These competing international and domestic imperatives pushed Prime Minister Lester B. Pearson and his secretary of state for external affairs, Paul Martin, in very different directions. While the two shared a common faith in NATO's continuing value as a deterrent to communist aggression and as a counterweight to the United States, they differed profoundly over how to ensure the alliance's future relevance. Alert to the possibilities implied by the relaxation of East-West tensions and in response to domestic pressures for change, Pearson saw the pursuit of detente as a new and politically invigorating role for the alliance. …

The rest of this article is only available to active members of Questia

Already a member? Log in now.

Notes for this article

Add a new note
If you are trying to select text to create highlights or citations, remember that you must now click or tap on the first word, and then click or tap on the last word.
One moment ...
Default project is now your active project.
Project items

Items saved from this article

This article has been saved
Highlights (0)
Some of your highlights are legacy items.

Highlights saved before July 30, 2012 will not be displayed on their respective source pages.

You can easily re-create the highlights by opening the book page or article, selecting the text, and clicking “Highlight.”

Citations (0)
Some of your citations are legacy items.

Any citation created before July 30, 2012 will labeled as a “Cited page.” New citations will be saved as cited passages, pages or articles.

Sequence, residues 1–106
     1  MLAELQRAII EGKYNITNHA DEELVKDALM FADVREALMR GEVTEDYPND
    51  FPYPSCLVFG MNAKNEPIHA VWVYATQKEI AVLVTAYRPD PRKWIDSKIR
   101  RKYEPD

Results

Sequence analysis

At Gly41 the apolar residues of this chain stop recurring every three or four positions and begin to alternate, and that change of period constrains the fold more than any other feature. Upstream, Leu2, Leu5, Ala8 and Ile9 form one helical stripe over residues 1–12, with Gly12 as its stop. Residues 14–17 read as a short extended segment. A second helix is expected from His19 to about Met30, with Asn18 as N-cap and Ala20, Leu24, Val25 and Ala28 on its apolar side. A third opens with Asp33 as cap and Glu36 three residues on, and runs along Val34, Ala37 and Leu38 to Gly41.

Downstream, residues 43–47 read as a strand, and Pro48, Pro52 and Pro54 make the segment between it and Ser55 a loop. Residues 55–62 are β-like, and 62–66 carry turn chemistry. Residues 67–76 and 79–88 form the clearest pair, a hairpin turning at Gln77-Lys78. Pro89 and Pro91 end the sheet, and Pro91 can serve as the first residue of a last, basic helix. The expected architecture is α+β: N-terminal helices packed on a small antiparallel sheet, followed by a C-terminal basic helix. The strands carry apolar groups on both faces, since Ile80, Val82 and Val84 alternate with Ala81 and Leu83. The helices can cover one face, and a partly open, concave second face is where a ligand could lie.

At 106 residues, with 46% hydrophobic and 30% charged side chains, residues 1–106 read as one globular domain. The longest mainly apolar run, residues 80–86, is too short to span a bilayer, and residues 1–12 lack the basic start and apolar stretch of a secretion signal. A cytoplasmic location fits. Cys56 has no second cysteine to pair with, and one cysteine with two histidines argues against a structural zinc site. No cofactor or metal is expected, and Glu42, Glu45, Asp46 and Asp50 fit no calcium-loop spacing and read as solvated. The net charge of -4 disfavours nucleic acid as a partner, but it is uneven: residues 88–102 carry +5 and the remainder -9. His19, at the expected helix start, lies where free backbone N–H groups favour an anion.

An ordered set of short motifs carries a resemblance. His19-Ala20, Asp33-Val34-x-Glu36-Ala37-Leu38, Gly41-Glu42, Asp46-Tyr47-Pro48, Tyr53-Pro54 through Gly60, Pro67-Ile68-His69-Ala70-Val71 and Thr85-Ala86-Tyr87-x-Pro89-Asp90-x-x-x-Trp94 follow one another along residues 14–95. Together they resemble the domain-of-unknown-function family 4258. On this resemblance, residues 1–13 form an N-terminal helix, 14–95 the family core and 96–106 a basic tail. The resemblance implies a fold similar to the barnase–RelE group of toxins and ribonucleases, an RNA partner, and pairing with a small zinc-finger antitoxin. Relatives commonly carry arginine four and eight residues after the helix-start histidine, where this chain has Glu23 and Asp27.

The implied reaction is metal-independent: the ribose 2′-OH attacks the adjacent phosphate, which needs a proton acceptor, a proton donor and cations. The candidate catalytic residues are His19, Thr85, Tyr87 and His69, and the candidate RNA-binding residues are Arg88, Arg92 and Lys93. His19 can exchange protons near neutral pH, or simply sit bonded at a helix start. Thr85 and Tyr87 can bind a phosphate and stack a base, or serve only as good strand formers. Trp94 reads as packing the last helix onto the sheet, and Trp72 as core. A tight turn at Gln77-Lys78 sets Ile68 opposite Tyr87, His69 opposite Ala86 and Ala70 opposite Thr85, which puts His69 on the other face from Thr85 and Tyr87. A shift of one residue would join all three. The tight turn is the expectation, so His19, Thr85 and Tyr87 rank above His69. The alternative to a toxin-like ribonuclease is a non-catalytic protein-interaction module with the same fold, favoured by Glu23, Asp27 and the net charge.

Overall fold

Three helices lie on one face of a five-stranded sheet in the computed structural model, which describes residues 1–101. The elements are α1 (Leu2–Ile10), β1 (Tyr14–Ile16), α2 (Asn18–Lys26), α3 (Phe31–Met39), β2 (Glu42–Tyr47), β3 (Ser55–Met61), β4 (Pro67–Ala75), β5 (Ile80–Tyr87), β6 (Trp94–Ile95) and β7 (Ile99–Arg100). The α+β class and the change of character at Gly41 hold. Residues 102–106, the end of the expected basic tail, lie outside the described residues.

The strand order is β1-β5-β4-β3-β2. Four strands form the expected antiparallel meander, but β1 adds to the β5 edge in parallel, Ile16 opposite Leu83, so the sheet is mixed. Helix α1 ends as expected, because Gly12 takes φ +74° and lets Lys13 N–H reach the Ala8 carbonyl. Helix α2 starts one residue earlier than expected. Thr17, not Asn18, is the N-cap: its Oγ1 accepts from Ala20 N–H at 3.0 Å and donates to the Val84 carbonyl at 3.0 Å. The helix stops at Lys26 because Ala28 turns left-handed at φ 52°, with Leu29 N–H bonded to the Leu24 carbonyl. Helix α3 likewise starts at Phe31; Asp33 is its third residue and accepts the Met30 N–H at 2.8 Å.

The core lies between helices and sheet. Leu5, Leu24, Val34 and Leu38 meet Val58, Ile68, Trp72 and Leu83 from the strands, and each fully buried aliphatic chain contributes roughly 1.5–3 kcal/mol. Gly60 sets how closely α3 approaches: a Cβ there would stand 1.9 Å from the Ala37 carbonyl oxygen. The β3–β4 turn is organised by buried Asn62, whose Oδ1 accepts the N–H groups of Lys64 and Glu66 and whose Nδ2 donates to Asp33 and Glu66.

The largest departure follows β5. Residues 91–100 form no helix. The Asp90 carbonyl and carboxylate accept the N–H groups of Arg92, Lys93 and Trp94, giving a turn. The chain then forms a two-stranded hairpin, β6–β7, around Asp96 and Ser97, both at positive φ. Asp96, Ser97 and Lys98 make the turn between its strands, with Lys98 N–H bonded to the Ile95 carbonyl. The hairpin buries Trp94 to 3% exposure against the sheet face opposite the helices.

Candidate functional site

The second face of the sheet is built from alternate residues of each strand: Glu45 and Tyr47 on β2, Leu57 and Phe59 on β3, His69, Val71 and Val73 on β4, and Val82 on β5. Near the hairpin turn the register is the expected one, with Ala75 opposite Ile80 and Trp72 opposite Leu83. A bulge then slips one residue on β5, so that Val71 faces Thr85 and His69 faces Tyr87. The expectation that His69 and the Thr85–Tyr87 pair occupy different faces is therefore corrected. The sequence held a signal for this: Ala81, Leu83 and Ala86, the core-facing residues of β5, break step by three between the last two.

We also added the ability to view new citations from your projects or the book or article where you created them.

Notes (0)
Bookmarks (0)

You have no saved items from this article

Project items include:
  • Saved book/article
  • Highlights
  • Quotes/citations
  • Notes
  • Bookmarks
Notes
Cite this article

Cited article

Style
Citations are available only to our active members.
Buy instant access to cite pages or passages in MLA, APA and Chicago citation styles.

(Einhorn, 1992, p. 25)

(Einhorn 25)

1. Lois J. Einhorn, Abraham Lincoln, the Orator: Penetrating the Lincoln Legend (Westport, CT: Greenwood Press, 1992), 25, http://www.questia.com/read/27419298.

Cited article

Domesticating NATO: Canada and the North Atlantic Alliance, 1963-68
Settings

Settings

Typeface
Text size Smaller Larger Reset View mode
Search within

Search within this article

Look up

Look up a word

  • Dictionary
  • Thesaurus
Please submit a word or phrase above.
Print this page

Print this page

Why can't I print more than one page at a time?

Help
Full screen

matching results for page

    Questia reader help

    How to highlight and cite specific passages

    1. Click or tap the first word you want to select.
    2. Click or tap the last word you want to select, and you’ll see everything in between get selected.
    3. You’ll then get a menu of options like creating a highlight or a citation from that passage of text.

    OK, got it!

    Cited passage

    Style
    Citations are available only to our active members.
    Buy instant access to cite pages or passages in MLA, APA and Chicago citation styles.

    "Portraying himself as an honest, ordinary person helped Lincoln identify with his audiences." (Einhorn, 1992, p. 25).

    "Portraying himself as an honest, ordinary person helped Lincoln identify with his audiences." (Einhorn 25)

    "Portraying himself as an honest, ordinary person helped Lincoln identify with his audiences."1

    1. Lois J. Einhorn, Abraham Lincoln, the Orator: Penetrating the Lincoln Legend (Westport, CT: Greenwood Press, 1992), 25, http://www.questia.com/read/27419298.

    Cited passage

    Thanks for trying Questia!

    Please continue trying out our research tools, but please note, full functionality is available only to our active members.

    Your work will be lost once you leave this Web page.

    Buy instant access to save your work.

    Already a member? Log in now.

    Author Advanced search

    Oops!

    An unknown error has occurred. Please click the button below to reload the page. If the problem persists, please try again in a little while.